Expressions are words or phrases used to convey an idea, or else a particular term used conventionally to express something.

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2answers
74 views

Term or expression which best describes a problem that goes away when an expert attempts to diagnose it?

There is a phenomenon which I've seen happen across many circumstances. Generally, it goes something like this: The complainant has a recurring observable problem. The complainant contacts an ...
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2answers
44 views

Born into the right house [closed]

What does it mean to be "born into the right house". Sample: "He is born into the right house".
20
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9answers
4k views

Are there English equivalents to a Japanese old saying, “Be the mouth of cock rather than remaining as the tail of ox”?

Every time I hear about the success story of entrepreneurs such as IT business, not to mention Apple, Microsoft, and Soft Bank founders, an old Japanese saying, 鶏口となるとも牛後となる勿れ‐“(Choose to) be the ...
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2answers
61 views

Does “clandestine ignorance” make sense? [closed]

Does the following make sense, "clandestine ignorance"? I would like to see if anyone else is thinking the same way as to the meaning or definition as I do. Thanks.
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2answers
111 views

Appropriate word for very fast [closed]

Can some one tell me the appropriate word instead of 'very fast' in sentence: Don't loose hope very fast.
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2answers
73 views

Why do we say “bless you”?

I don't mean when someone sneezes or when someone's been kind to you, but in other situations. Like, when someone is enjoying a lot of luck, fortune or doing staggeringly well in something. Or ...
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3answers
126 views

Is it OK to say “There is no problem if you do it next week.”?

I need to reply to a commercial email where my "colleague" says that he we will do the job next week. Is it good English to say "There is no problem if you do it next week." ? Is there another way to ...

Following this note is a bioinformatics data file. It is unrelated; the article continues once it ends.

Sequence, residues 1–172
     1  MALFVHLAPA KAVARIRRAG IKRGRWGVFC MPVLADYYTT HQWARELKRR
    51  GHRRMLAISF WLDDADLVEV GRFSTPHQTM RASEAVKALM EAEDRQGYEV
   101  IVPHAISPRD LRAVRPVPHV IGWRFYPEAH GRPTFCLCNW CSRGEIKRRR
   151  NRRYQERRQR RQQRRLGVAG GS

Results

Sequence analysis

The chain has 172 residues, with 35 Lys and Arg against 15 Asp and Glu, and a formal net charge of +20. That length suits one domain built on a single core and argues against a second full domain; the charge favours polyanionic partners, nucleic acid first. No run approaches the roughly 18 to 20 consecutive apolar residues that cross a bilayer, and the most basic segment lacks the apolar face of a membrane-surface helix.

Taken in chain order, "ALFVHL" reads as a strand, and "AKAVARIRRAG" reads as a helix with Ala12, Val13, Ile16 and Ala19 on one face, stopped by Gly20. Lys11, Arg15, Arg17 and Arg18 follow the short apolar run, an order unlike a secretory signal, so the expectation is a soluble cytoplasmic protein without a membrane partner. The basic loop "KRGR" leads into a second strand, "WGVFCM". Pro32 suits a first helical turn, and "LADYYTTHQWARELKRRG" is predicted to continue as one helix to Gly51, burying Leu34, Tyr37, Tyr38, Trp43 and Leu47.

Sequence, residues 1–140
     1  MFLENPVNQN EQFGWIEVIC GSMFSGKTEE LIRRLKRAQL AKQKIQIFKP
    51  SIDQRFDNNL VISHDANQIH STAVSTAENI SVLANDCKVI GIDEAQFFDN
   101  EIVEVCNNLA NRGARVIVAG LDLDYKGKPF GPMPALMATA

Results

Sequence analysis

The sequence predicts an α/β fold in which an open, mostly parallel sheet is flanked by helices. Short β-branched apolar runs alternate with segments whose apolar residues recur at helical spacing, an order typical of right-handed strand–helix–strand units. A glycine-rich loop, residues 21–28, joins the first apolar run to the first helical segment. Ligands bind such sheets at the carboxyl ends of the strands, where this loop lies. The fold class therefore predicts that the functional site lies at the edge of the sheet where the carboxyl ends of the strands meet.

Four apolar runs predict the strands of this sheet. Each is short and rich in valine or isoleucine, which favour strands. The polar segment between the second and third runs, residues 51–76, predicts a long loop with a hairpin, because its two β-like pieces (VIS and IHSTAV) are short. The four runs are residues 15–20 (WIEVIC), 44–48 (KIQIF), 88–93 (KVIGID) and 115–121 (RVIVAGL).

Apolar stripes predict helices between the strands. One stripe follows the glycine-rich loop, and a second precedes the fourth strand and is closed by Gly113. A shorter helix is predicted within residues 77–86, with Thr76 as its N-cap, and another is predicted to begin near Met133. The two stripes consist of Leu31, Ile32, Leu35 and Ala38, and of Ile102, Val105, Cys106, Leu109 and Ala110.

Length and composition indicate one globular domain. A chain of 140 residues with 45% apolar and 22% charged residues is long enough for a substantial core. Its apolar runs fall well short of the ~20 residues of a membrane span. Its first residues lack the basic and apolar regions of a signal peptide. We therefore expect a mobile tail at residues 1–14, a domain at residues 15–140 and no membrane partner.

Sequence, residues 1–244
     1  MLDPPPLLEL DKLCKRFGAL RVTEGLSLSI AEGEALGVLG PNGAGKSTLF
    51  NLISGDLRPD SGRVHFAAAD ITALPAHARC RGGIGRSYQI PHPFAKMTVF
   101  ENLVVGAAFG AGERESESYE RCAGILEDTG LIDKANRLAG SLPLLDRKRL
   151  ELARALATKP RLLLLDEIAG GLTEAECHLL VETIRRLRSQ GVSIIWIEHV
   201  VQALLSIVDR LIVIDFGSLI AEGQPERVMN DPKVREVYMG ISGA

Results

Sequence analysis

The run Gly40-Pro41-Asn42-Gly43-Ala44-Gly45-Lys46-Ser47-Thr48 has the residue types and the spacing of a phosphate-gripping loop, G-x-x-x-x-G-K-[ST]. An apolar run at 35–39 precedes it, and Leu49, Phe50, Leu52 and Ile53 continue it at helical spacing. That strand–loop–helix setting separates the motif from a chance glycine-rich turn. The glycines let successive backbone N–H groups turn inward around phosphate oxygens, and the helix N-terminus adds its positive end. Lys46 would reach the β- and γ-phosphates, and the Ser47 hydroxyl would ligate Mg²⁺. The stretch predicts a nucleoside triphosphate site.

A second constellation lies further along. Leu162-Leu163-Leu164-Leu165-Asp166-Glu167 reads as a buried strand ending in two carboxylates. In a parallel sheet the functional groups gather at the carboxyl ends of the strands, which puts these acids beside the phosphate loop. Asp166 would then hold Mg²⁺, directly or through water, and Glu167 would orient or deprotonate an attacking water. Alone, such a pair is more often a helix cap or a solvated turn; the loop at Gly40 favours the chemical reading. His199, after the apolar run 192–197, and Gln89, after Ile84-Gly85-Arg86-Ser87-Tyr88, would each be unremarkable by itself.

0
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1answer
14 views

Substituting “comes to” with “expresses as/as to” for equivalence

Ex. "passing the exam can be expressed as to get high marks above ten". I wanted to say "passing the exam comes to get high marks above ten" Is this sentence correct? How to use "expresses..as" in ...
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2answers
75 views

English equivalent or Expression for “Who take care of a Pregnant Mother”

English is not my language and I need help with this... I need create a name for an mobile app that will help pregnant womens for 9 months giving tips about everything about she and her babe. So ...
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4answers
112 views

Using “mentioned above” when speaking

Is it valid to say "mentioned above" when one reference to something one have previously said? Context example (transcript from The Law of One): Questioner: George Van Tassel built a machine in ...
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6answers
86 views

What's a good word for 'A short review'?

This would be a topic in a progress report that would outline what the project is about without going into details. I'm looking for something that means like 'Refresher' but sounds more professional.
1
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1answer
71 views

Meme expression synonyms / explanation

Could someone please disambiguate / deconstruct all the nuanced meanings of the following types of expressions originating in internet meme culture. At some point it becomes obvious there's more than ...
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1answer
65 views

What is Nerd Test all about? [closed]

Not sure, where to ask this. I did it here, and it was put in Hold , finally attempting here as a last try!! I am really curious(!) to know what is this? I got this link randomly about how nerd are ...
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1answer
36 views

Noun for “the version that I handed in”

At university, we get problem sets, I work on them and hand them in. Then a tutor corrects them and gives them back to me. On my website, I want to provide both (since the former is digital, the ...
2
votes
2answers
376 views

“Follow close behind” vs “follow closely behind”?

I just came across something I'd written a while ago that contained the phrase "follows close behind", and my first thought was that it was incorrect and should be "follows closely behind", i.e. to ...
24
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8answers
5k views

Is there a polite way of saying “people like you”?

It seems that "people like you" is almost always used as an insult (similar to "your kind"). e.g. A shop owner might say to an annoying customer that doesn't buy anything, "Go away, I don't have time ...
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1answer
94 views